The Wayward - The Wayward (Cover Artwork)
Staff Review

The Wayward

The Wayward: The Wayward

The Wayward (2006)

Black Box


3.5
I honestly didn't think a whole lot of it at first, but about four minutes through "Balthazar," bobbing my head, I thought "wow, this is pretty fucking solid." That feeling is one that would stay with me throughout the course of the Wayward's self-titled effort, and for a number of very concrete ...

I honestly didn't think a whole lot of it at first, but about four minutes through "Balthazar," bobbing my head, I thought "wow, this is pretty fucking solid."

That feeling is one that would stay with me throughout the course of the Wayward's self-titled effort, and for a number of very concrete reasons that can all be attributed to various aspects of this tornado of a record. I didn't so much know what to expect being that there was no lyrics in the booklet, no press sheet to accompany the album -- all I had to go on was that the band was a three-piece from the New York area.

And this three-piece is able to create more noise and complex arrangements than just about any such band I've ever come across. The guitar work on this album is nothing short of exemplary, as the slick and complicated chord progressions that guitarist and vocalist Nick Skrobisz are able to turn out are constantly morphing and changing to fit the rhythm of a given track. The incredible speed and clean tones of "Ye Old Battle Axe" may contrast a song like "Cross Section," where dissonance takes over, but if nothing else it's always exciting to see just what path will be traveled down next. The guitar work sets an excellent basis for drummer Nate Simms and bassist Jesse Skrobisz, one that they're able to work off to make every song sound completely fresh and unique.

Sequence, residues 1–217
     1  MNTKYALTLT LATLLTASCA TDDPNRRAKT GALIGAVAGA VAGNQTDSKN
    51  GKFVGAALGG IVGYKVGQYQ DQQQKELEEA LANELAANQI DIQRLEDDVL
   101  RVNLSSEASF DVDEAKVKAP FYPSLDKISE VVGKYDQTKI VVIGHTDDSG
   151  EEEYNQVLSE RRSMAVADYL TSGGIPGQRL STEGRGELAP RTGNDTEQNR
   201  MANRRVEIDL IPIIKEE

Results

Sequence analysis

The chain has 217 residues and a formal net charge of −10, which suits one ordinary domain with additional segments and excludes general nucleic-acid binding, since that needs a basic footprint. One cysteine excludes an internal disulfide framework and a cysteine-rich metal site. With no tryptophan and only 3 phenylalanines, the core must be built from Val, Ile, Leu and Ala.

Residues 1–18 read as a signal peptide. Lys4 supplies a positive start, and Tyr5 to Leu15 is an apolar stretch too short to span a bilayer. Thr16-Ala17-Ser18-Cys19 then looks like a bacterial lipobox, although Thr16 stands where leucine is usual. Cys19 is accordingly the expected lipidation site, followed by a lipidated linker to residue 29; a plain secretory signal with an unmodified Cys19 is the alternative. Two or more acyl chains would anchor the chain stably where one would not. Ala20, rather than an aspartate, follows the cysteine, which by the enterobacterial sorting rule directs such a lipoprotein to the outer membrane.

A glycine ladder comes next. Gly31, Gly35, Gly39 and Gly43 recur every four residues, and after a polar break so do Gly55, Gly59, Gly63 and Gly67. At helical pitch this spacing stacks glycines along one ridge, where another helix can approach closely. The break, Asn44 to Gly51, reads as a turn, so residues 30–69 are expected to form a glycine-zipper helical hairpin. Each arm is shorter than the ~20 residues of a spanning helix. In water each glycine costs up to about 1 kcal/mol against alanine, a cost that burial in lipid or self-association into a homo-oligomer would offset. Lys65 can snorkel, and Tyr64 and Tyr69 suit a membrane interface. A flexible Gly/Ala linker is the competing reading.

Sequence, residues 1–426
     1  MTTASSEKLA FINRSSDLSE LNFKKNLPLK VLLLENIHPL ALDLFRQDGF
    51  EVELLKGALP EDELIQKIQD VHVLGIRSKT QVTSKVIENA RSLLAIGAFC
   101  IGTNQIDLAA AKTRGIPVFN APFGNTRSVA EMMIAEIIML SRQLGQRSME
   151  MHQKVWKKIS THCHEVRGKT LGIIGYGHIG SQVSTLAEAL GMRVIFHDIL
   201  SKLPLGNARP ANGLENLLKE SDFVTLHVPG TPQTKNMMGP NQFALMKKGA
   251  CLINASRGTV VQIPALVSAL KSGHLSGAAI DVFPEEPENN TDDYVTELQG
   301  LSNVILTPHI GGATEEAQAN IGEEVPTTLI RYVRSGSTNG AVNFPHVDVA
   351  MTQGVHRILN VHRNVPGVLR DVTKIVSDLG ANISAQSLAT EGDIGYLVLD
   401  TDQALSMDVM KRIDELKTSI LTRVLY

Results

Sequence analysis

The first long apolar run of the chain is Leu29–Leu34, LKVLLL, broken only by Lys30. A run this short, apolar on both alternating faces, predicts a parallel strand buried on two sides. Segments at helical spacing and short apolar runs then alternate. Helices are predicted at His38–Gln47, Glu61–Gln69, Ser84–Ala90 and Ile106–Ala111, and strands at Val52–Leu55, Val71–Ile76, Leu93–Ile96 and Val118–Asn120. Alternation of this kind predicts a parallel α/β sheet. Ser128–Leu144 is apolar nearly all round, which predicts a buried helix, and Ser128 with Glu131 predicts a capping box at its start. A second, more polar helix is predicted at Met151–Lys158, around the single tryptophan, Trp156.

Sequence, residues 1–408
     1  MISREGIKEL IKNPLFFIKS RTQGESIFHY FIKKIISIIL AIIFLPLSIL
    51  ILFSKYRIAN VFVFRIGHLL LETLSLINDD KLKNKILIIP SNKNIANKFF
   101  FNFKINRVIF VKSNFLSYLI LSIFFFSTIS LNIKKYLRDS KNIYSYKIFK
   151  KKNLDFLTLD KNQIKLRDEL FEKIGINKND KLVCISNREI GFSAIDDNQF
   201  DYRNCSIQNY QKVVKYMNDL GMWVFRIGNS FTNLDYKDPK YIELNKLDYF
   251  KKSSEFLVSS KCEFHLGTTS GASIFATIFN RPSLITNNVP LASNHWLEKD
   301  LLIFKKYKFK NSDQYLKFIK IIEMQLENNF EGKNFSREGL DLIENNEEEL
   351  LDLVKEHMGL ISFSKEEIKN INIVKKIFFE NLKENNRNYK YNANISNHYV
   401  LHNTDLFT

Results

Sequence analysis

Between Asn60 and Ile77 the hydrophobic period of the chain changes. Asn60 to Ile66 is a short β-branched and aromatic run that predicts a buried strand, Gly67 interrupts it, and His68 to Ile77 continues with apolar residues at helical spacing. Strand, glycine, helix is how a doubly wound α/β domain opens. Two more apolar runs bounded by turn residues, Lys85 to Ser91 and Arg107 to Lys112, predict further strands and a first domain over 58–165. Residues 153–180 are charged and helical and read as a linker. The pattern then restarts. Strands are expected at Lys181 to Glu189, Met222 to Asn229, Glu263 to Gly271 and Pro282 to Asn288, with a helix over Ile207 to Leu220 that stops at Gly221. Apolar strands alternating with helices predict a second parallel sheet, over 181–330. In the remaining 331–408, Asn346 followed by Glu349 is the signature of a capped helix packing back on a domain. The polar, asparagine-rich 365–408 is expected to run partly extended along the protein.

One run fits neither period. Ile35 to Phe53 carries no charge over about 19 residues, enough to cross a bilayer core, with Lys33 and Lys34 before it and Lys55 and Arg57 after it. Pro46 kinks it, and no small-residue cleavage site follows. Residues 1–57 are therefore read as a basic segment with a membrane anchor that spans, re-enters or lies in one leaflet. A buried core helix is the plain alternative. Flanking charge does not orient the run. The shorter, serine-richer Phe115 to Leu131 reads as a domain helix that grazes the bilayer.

More importantly though, is that the guitar work never falls into the category of "noodling." It's an easy thing to do when your guitarist is so incredibly talented, but for all the impressive tricks he pulls out of his bag, they're firmly rooted in the basis of the song. The start-and-stop riffing of the aforementioned "Ye Old Battle Axe" is a perfect example, as every start and stop is reflected in the vocals, bass, and drums as well, all working together in perfect harmony to create something as dynamic as it is cacophonous.

From the howl of Nick Skrobisz to the pitter-patter of Nate Simms' snare, this self-titled effort is one that exemplifies the term dynamic. Brimming with energy and talent to match, this band can go as far as the reaches of their own minds will carry them.

So, in this case, the sky's the limit.